EP Exam Projects - Risk Assessment Program - Results of Exams of Form 5500 401k Plans With Sponsors From the Accommodation & Food Services Industry
This is a summary of the examinations completed in the market segment made up of 401k Plans sponsored by the Accommodation & Food Services Industry. As of June, 2010 we had examined over 500 Form 5500 filings.
The results indicated that there was a high degree of Noncompliance within this segment. There are two key areas to discuss in this article, business code analysis and the issues found. Each Industry (i.e., Accommodations & Food Services) has business codes based on the North American Industry Classification System (NAICS). The Accommodations & Food Services Industry is made up of approximately 10 business codes. Almost 92% of this segment’s universe have plan sponsor’s who use just 4 of these 10 business codes. We found substantial data in our examinations that plans whose sponsors used all four of these codes had a high degree of Noncompliance. Because of our analysis, it would appear that the noncompliance is not limited to any specific business code within this market segment.
The most common failure involves errors in the ADP/ACP testing and in the payment of the 401k deferrals.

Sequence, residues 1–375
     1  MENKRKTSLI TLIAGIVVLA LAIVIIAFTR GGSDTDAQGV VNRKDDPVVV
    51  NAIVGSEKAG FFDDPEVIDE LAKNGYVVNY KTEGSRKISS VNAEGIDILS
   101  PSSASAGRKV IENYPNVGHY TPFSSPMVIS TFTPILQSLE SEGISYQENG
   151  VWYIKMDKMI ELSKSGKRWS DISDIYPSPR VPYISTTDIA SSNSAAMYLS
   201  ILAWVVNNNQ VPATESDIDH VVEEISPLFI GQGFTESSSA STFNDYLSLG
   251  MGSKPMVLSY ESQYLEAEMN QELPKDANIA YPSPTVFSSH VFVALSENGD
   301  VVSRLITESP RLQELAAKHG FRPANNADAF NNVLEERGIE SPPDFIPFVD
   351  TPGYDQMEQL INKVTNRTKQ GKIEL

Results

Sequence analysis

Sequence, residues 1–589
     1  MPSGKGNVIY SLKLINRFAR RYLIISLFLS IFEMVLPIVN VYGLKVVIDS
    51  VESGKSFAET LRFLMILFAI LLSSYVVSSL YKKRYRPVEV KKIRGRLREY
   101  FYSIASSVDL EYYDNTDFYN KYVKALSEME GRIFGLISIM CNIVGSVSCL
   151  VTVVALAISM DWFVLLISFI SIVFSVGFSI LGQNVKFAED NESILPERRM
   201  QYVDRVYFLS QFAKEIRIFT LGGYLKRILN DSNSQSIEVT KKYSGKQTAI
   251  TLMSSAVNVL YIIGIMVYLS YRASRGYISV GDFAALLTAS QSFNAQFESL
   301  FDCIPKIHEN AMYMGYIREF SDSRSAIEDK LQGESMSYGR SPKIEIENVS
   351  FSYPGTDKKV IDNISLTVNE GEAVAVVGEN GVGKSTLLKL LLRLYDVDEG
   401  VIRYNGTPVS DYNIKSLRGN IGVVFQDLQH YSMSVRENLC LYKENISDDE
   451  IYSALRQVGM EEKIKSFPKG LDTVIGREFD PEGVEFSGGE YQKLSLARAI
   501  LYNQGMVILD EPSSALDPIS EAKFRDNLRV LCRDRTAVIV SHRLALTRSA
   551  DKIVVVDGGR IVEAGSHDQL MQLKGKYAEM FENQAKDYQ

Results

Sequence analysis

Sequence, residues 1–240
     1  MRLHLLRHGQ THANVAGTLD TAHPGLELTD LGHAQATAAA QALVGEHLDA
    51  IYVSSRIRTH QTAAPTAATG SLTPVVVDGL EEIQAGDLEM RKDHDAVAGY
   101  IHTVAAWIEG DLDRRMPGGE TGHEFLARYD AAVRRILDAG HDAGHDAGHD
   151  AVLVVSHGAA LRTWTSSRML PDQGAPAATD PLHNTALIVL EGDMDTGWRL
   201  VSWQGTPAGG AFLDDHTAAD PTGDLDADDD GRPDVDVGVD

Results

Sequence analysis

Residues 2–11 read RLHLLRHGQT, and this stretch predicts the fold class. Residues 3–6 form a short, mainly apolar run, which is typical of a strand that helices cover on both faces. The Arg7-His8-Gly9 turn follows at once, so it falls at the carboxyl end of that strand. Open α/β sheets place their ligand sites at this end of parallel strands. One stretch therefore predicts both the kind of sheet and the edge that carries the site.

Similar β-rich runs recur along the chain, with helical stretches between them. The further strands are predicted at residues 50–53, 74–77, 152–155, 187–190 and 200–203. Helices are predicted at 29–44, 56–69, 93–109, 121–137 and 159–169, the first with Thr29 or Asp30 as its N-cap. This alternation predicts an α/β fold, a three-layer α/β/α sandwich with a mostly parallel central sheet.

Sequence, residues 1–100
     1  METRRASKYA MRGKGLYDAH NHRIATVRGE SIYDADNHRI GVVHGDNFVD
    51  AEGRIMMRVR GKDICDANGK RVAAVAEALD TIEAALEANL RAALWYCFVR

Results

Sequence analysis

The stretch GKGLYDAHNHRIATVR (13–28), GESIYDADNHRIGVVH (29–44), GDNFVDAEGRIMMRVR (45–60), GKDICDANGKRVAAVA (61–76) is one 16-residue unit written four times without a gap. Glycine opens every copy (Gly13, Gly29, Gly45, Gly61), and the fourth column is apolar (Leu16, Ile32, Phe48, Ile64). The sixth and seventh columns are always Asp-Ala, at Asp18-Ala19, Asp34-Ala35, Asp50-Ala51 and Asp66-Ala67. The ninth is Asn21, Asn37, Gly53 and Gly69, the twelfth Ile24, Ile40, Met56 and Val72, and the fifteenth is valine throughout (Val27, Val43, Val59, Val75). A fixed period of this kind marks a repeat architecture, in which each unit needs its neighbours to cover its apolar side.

Avoid the error by ensuring all the people responsible for running the tests are knowledgeable in the law (Internal Revenue Code 401(k)/(m)) and the plan language. This includes knowing what contribution amounts and what employee compensation to use in applying the tests.
The other most prevalent failure involves contribution allocation errors. This occurs when the plan sponsor fails to make the amount of contribution required by the formula in the plan document (i.e., 10% of participant’s compensation). This could be for one participant or many participants. Administrative errors (not deposited timely) or oversights (wrong participant compensation used) are the general causes for failure.
Avoid the error 401(k) plans can have multiple types of contributions allocated to the plan. In addition to tax-deferred contributions, there could be employee after tax contributions, employer matching contributions, and employer discretionary contributions. The best way to avoid allocation problems is too make sure all the people responsible for the allocations know the correct and most current allocation formulas and forfeiture allocation provisions. Finally, they must know the correct and most current definition of compensation used in the plan and in the operation of the plan.